I wrote this worksheet based on problems my students have been having with the FCE Writing Part 2 essay-writing task. Feel free to download it, use it with your own students and let me know what I need to change / improve. It fit onto five pages on my computer, but has expanded to six on slideshare. If you adjust the margins once you’ve downloaded, you’ll save a bit of paper! 🙂

[To download, click ‘view on slideshare’. You may have to log in (not sure), but it’s completely free. You should then be able to click on ‘download’ above the document.]

Here are the answers:

Essay writing checklist answers


And now, it’s time for the news

This post has been a very long time coming. Back in July, my students spend a week on a news project. Every afternoon they worked in groups with the aim of producing a news bulletin to ‘broadcast’ on Friday afternoon. We did some brainstorming based on what was in the news on Monday, and after that they went their own ways. These were the results, and I think you’ll agree, they’re excellent!

I particularly like the weather at the end of this one.

I don’t know how they kept a straight face!

After a five minute tutorial on how to use iMovie, this was the result.

Well done guys, and sorry it took me so long to publish them!

Key Word Transformations with Modals of Speculation/Deduction

We’ve been studying modals of speculation and deduction in class today. They are very often included in FCE Part 4 (Key Word Transformations). I couldn’t find any examples of this exercise which only tested these modals, so I made my own. If you have a link to a similar exercise, please let me know. Also, please feel free to add your own sentences. I wrote these ones quickly during a break, so was a bit short on inspiration! (I added a few after class using sentences my students gave me as a jumping-off point)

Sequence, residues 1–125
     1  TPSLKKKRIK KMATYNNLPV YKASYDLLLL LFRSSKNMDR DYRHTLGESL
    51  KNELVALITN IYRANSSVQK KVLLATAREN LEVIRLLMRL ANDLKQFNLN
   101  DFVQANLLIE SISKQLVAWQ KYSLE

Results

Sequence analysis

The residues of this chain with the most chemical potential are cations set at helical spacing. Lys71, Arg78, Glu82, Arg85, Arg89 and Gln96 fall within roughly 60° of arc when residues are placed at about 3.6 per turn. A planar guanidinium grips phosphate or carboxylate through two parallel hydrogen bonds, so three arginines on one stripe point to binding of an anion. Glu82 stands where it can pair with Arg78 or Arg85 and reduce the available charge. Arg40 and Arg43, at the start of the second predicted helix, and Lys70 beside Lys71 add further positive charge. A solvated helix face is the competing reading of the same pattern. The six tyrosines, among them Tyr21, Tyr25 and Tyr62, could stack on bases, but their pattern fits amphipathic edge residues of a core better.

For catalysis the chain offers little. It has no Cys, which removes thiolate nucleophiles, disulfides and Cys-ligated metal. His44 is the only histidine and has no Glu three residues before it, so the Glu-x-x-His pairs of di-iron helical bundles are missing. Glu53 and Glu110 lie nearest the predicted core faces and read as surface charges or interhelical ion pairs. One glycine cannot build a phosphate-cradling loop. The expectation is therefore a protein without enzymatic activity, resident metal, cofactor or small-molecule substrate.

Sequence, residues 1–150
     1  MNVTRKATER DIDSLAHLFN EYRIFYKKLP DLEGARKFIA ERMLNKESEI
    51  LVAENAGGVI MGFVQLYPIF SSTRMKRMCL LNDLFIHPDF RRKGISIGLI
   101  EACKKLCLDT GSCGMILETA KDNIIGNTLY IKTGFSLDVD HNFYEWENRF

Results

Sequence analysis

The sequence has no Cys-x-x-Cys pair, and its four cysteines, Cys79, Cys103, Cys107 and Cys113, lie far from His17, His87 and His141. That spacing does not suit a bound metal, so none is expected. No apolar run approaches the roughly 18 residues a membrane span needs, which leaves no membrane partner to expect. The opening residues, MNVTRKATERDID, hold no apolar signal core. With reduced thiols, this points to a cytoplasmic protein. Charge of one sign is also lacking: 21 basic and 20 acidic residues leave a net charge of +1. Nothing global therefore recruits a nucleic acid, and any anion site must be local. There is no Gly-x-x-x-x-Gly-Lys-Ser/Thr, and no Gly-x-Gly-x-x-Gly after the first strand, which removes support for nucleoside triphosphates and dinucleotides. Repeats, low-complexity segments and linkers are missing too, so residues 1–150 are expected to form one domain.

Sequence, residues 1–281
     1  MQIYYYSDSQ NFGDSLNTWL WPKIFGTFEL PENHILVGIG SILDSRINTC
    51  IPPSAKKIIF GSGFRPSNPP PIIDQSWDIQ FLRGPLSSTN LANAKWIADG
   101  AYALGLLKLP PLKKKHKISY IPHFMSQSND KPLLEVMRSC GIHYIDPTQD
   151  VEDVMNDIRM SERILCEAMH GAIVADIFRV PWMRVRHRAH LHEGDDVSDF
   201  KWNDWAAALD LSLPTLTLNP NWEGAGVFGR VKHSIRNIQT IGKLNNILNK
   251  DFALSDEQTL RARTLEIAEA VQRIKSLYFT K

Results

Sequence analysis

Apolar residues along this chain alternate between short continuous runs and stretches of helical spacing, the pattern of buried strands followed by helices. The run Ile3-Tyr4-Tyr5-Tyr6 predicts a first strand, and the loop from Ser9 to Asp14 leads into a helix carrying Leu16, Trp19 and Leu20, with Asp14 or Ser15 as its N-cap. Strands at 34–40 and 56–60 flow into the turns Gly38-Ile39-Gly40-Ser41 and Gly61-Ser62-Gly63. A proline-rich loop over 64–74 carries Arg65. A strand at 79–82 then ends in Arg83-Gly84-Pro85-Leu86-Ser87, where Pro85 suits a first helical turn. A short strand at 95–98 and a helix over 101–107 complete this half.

I’m sure he’s not Michael Jackson. He died a few years ago!


He _______________________ because he died a few years ago.

It’s possible that in the sales cameras will be cheap enough for me to afford one.


I __________________________ a camera in the sales if they are cheap enough.

I think Sarah isn’t very ill, because I saw her shopping this morning.


Sarah ____________________ because I saw her shopping this morning.

Perhaps Filip is from the Czech Republic – he speaks Czech very well.


Filip ________________________ the Czech Republic because his Czech is very good.

He is so rich that I am sure he is always happy.


He is so rich that ________________ happy.

He looks so pale that I’m sure he has seen a ghost.


He _________________ ghost because now he looks very pale.

I think Alice worked at a hotel last summer, but I’m not sure.


Alice ________________ at a hotel last summer.

Jana speaks excellent Finnish so I’m sure she’s lived in Finland at some point.


Jana ______________________ Finland at some point because she speaks excellent Finnish.

Adam is so loud now that I’m sure he wasn’t a quiet child!


Adam ____________________ a quiet child because he’s so loud now.

She is so scared of dogs, that maybe a dog bit her when she was little.


She is so scared of dogs that she _____________________ a dog when she was little.

I know he wasn’t in London on Saturday because I saw him in Newcastle.


He _______________________ in London on Saturday because I saw him in Newcastle.

She was so happy on Monday morning that I’m sure she had a good weekend.


She was so happy on Monday morning that _______________________ a good weekend.

I think Will’s tired because he didn’t sleep much yesterday.


Will ______________________ because he didn’t sleep much yesterday.

She was probably in a hurry because she forgot to buy a birthday present for her friend,


She forgot to buy a birthday present for her friend and that ___________________ she was in a hurry.


  1. can’t be Michael Jackson
  2. might/may be able to buy
  3. can’t be very ill
  4. could be from
  5. he must always be
  6. must have seen a
  7. might/may have worked
  8. must have lived in
  9. can’t have been
  10. must have been bitten by
  11. can’t have been
  12. she must have had
  13. could be tired
  14. might/may have been why

Please feel free to correct my answers if you notice a mistake too!


The Vicar of Dibley meets Johnny Depp

The Vicar of Dibley is one of my all-time favourite comedies. I prepared this vocabulary worksheet for a short episode made for Red Nose Day featuring Johnny Depp. I’m just using it as a bit of Friday afternoon fun, since the students have been working hard all week. If anyone wants to write comprehension questions, I’m happy to add them to the post 🙂